What seemed to be a start to a normal day with plans to venture off into the town for a walkabout with my camera (armed guard and translator in tow) was anything but normal.
Arriving home at close on midnight with Al Jezeera (spelling?) blurting out updates on bombings in the Middle East and USA intermingled with English Premier League updates. Our hosts had brought out some of the armory that was present in the house. The ever present Kalishnikov; the 9mm handgun; the shotgun and various other ‘light’ weaponry.
This was the day of challenging operative cases and even more challenging work conditions. At about mid morning there was a volley of semiautomatic fire directly outside the hospital followed by a patient carried with obvious signs of being bound and assaulted. That was not the problem. The problem was the group of bodyguards (fan-club?) who insisted on accompanying him into Casualty. Hospital guards, aware that the medical team was not that comfortable with level of personal protection armament (Syrians who are at war – ie everyone here- carry a weapon around like the average individual carries around a cell phone) attempted to keep the fan club outside. This attempt at separation lead to repeated arguments which were heated and animated ( including one walking stick brandishing elderly gentlemen assaulting the door to punctuate his point of view). However no one used their gun / semiautomatic to intimidate or threaten anyone.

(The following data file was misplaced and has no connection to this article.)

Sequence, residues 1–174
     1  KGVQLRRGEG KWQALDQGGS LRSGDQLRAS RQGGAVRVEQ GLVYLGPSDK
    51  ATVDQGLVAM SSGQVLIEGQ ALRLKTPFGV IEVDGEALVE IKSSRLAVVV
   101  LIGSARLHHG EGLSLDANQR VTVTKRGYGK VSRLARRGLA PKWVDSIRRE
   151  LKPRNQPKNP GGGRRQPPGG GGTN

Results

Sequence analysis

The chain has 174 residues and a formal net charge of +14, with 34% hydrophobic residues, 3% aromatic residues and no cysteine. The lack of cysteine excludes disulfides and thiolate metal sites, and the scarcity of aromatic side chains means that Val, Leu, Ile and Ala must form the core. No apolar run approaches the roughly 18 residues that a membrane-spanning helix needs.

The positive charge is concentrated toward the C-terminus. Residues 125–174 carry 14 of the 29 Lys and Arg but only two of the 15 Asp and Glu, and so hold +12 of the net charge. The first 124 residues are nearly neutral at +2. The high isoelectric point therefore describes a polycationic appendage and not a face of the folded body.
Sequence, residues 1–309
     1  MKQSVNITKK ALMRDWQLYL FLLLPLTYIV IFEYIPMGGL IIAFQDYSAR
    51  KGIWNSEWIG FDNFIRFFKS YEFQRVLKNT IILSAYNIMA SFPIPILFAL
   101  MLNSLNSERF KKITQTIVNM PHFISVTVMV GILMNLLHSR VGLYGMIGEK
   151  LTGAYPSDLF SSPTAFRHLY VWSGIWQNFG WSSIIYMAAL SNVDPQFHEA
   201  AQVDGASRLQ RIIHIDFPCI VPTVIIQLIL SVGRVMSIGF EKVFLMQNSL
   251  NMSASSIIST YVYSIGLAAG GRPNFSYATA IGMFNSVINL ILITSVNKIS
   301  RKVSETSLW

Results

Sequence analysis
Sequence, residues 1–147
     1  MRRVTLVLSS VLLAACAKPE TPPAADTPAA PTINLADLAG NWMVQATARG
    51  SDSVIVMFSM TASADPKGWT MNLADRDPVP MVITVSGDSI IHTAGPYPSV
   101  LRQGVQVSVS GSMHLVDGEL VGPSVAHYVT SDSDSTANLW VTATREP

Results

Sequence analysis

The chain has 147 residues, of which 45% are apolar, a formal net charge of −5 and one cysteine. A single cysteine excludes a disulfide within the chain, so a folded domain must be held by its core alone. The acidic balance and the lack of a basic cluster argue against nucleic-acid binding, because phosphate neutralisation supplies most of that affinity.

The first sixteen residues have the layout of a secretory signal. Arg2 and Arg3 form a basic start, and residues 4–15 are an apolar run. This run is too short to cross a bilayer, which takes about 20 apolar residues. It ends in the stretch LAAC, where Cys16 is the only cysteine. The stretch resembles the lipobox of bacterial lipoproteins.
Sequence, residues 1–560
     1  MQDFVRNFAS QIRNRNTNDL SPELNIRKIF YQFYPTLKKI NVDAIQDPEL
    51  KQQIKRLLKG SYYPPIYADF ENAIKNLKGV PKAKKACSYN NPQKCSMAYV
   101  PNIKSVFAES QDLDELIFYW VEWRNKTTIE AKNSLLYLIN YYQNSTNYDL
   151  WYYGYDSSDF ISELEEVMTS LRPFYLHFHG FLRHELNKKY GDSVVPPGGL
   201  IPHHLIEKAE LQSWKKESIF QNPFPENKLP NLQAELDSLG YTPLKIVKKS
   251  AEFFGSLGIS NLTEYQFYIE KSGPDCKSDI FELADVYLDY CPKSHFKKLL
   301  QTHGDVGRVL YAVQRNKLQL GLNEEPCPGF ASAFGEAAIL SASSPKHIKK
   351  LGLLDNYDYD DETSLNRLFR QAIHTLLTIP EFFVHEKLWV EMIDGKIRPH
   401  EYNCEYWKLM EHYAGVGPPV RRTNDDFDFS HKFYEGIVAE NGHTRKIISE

Combine the above with more than 250 rounds of semiautomatic fire at the entrance to the hospital to celebrate ( the patient was a high level military leader who had been captured by outlaws?) the freeing of the patient.
The hospital was whittled down to a skeleton staff for a couple of hours while fears were allayed, people calmed and tears dried. Needless to say the stories are flying…
Anyway. This morning I find out if I get to stay a few extra days.